World of Swords
Sword Art Online was the most anticipated title of Spring 2012 to me, for I love the light novels to bits. However, I was careful to set my expectations adequately low since I first put my eyes on the character designs, which look really awful compared to the novels. And while I remain true to that claim (Seriously, couldn’t they have hired a better character designer? Someone who knew how to copy would have sufficed.), this first episode didn’t disappoint me in any way, as it was completely faithful to the original work.
Novel comparisons aside, the episode did its job as an introduction to the SAO world, the first complete virtual reality environment ever created, and a much awaited release among MMORPG lovers. The protagonist, Kirigaya Kazuto (Kirito), who had been one of the 1000 people selected for beta testing, enters the Sword Art Online as soon as the server is first put online, as do most of the other players who stood in line for long hours (or even days) to get their copy of the game. There, he is called over by Klein, a player who noticed Kirito’s fluid and experienced movements within the game and asks him to teach him about the game mechanics. They have their share of fun fighting a boar and it ends with a nice conversation at sunset, in which Kirito says something I’ve thought of countless times: “This may be a virtual world, but I feel more alive here than I do in the real world.”
Soon after, Klein gets tries to logout to pick up the pizza he had ordered in the real world, and that’s when they discover the lack of a logout button. As it would be the obvious reaction, they think it must be a bug. Kirito is still uneasy about it, though, since not only does the game master not answer, delaying the issue or attending simply to the players who seeked help with the issue would badly damage the games reputation. Especially since it’s both the first day SAO is online and the first experiment with a MMORPG using the Nerve Gear technology.
Their doubt grows, but it isn’t long until it is clarified by Kayaba Akihiko, the game creator himself, who teleports everyone to the big plaza in Starting City, to announce that the lack of a logout button was an intended feature, he has total control over the game sever and, as the creator of the Nerve Gear, said hardware can be signaled to fry the users brains, which will happen if one of the following conditions is met: someone from the real world tries to remove the Nerve Gear; the Nerve Gear’s power is cut; they die in the game. On top of that, the only way to log out safely and survive is to clear the game. If at least one person climbs to the 100th floor and defeats the final boos, everyone who’s still alive will be safely logged out. The thing is, from Kirito’s previous scene with Klein and the boar, we can conclude SAO is harder than most online RPGs, and let’s be honest, dying is part of the gaming experience, it’ll always eventually happen and all gamers know that. That’s why it is so scary for everyone. Those who believed it at first, that is. Not that Kayaba left much room for doubt, showing all those news from the real world to prove the truth of his words.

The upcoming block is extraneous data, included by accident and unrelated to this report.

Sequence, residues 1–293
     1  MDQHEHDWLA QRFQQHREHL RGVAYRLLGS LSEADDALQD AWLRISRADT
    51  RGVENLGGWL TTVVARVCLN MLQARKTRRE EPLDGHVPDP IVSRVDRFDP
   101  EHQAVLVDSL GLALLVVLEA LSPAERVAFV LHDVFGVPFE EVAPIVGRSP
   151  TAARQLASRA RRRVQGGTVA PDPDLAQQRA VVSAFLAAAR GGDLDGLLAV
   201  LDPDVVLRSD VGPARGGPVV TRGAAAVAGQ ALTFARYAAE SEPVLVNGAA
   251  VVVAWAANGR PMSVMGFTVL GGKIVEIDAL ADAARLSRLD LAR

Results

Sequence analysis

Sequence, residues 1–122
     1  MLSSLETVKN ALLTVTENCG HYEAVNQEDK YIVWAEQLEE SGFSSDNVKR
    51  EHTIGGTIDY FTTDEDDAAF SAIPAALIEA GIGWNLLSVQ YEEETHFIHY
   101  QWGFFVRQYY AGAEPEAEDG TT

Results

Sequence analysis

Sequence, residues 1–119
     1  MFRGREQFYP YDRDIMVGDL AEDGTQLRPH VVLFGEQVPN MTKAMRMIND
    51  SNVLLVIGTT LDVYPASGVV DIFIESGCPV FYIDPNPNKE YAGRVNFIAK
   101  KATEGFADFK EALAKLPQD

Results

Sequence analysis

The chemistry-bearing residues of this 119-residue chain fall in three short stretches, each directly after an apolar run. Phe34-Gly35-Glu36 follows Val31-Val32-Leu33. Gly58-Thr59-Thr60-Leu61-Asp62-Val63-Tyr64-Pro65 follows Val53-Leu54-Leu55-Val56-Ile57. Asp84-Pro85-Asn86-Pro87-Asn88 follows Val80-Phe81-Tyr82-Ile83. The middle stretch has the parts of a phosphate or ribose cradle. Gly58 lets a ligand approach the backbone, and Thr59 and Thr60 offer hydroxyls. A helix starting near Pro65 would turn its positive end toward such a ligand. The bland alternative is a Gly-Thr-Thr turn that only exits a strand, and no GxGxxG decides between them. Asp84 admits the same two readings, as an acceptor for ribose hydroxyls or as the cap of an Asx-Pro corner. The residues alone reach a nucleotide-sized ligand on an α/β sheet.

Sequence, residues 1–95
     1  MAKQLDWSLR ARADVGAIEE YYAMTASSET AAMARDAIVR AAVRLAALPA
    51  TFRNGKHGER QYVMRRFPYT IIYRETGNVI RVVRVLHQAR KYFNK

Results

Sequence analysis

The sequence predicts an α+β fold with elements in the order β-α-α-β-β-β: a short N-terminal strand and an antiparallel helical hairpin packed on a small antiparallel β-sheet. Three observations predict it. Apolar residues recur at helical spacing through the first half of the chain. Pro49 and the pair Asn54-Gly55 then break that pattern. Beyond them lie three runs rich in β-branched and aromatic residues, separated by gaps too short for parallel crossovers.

The change to real-life appearance that followed the shocking revelation was actually really amusing. I thought it wouldn’t be too easy to pull off, but it was truly great, specially with how they showed that couple from the very beginning. Because of that, the scene that featured them was even more hilarious.
I believe such change was intended to make the players more conscious that their own life is at stake, as it is harder to believe you’ll be killed when you see yourself in a body that is not yours.
Kirito is one of the first to accept the truth, and leaves the plaza as soon as possible, understanding that to survive in SAO, one will have to raise their level as quick as they can and that as other players come to realize that, the monsters in the area will respawn slower than they’re killed, making it a rather disadvantageous option to stay in Starting City. He offers his help to Klein, who he’d just befriended, but the later considers important to help his more inexperienced friends out of that dim situation. Kirito know he can’t protect them on the way to the next village, so he ends up going alone. I have to give props to A1 Pictures for portraying character emotions quite well here.
Another noteworthy thing in SAO is Kirito himself. Sometimes it just feels good to have a main character who isn’t a left-loathing wimp nor a stuck-up arrogant guy, nor a hot-headed brat. He’s just a guy. A smart individual who’s calm, socially awkward and loves games. He also happens to be very good at them, by the way, as we’ll certainly come to see.
As for the visual departments, SAO isn’t lacking in them either. The portrayed scenario is just as I imagined Aincrad. A beautiful and colorful fantasy world. The contrast between the bright setting and the dark premise is something that really works when played well, and I hope this ends up being the case. The background music is also quite good, as Kajiura discarded the more passive style she used for Fate/Zero (which still had a great OST, imo) and went for the world-building tracks she excels so much at. The OP (used as ending) was also pretty good, not only the song itself, but the visuals, which made me hope for good battle animation in a time to come.
Overall, I really loved the first episode of this adaptation, right from the scene where they used the news rather than an awkward internal monologue to explain the history of SAO until the very end when they make the time skip. I loved how they did that after the OP and with the memorial as background. I hope they keep up this level of quality to the adaptation, as if they do, I’ll probably be able to overlook the awful character designs and enjoy seeing the story I love animated.